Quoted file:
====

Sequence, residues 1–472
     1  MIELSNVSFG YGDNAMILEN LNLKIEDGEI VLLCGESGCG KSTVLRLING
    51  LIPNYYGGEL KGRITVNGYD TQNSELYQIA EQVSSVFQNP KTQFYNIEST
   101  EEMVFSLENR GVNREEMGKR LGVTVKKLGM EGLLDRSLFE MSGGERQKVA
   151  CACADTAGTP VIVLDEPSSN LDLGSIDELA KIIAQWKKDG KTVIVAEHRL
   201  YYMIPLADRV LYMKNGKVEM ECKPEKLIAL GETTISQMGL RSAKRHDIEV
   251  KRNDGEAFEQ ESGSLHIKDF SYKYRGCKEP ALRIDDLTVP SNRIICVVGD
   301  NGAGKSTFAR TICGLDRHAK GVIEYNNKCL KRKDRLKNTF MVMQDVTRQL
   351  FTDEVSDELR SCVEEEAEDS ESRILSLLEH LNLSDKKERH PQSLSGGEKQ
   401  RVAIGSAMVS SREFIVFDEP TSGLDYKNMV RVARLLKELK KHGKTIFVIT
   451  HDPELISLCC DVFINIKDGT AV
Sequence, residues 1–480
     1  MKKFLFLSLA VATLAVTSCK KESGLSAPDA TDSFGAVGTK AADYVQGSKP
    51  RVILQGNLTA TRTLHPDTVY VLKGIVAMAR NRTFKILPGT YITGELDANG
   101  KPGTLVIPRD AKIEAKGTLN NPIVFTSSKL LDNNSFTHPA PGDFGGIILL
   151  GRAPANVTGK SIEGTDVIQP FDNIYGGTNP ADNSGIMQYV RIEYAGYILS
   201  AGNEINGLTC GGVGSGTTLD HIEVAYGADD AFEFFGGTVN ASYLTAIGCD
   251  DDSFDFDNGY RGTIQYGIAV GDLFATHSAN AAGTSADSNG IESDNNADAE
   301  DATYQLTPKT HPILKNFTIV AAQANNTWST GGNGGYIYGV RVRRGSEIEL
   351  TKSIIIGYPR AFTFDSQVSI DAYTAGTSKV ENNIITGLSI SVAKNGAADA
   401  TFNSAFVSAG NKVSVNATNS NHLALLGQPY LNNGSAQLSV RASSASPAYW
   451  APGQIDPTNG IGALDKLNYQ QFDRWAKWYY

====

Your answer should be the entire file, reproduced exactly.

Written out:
Sequence, residues 1–472
     1  MIELSNVSFG YGDNAMILEN LNLKIEDGEI VLLCGESGCG KSTVLRLING
    51  LIPNYYGGEL KGRITVNGYD TQNSELYQIA EQVSSVFQNP KTQFYNIEST
   101  EEMVFSLENR GVNREEMGKR LGVTVKKLGM EGLLDRSLFE MSGGERQKVA
   151  CACADTAGTP VIVLDEPSSN LDLGSIDELA KIIAQWKKDG KTVIVAEHRL
   201  YYMIPLADRV LYMKNGKVEM ECKPEKLIAL GETTISQMGL RSAKRHDIEV
   251  KRNDGEAFEQ ESGSLHIKDF SYKYRGCKEP ALRIDDLTVP SNRIICVVGD
   301  NGAGKSTFAR TICGLDRHAK GVIEYNNKCL KRKDRLKNTF MVMQDVTRQL
   351  FTDEVSDELR SCVEEEAEDS ESRILSLLEH LNLSDKKERH PQSLSGGEKQ
   401  RVAIGSAMVS SREFIVFDEP TSGLDYKNMV RVARLLKELK KHGKTIFVIT
   451  HDPELISLCC DVFINIKDGT AV
Sequence, residues 1–480
     1  MKKFLFLSLA VATLAVTSCK KESGLSAPDA TDSFGAVGTK AADYVQGSKP
    51  RVILQGNLTA TRTLHPDTVY VLKGIVAMAR NRTFKILPGT YITGELDANG
   101  KPGTLVIPRD AKIEAKGTLN NPIVFTSSKL LDNNSFTHPA PGDFGGIILL
   151  GRAPANVTGK SIEGTDVIQP FDNIYGGTNP ADNSGIMQYV RIEYAGYILS
   201  AGNEINGLTC GGVGSGTTLD HIEVAYGADD AFEFFGGTVN ASYLTAIGCD
   251  DDSFDFDNGY RGTIQYGIAV GDLFATHSAN AAGTSADSNG IESDNNADAE
   301  DATYQLTPKT HPILKNFTIV AAQANNTWST GGNGGYIYGV RVRRGSEIEL
   351  TKSIIIGYPR AFTFDSQVSI DAYTAGTSKV ENNIITGLSI SVAKNGAADA
   401  TFNSAFVSAG NKVSVNATNS NHLALLGQPY LNNGSAQLSV RASSASPAYW
   451  APGQIDPTNG IGALDKLNYQ QFDRWAKWYY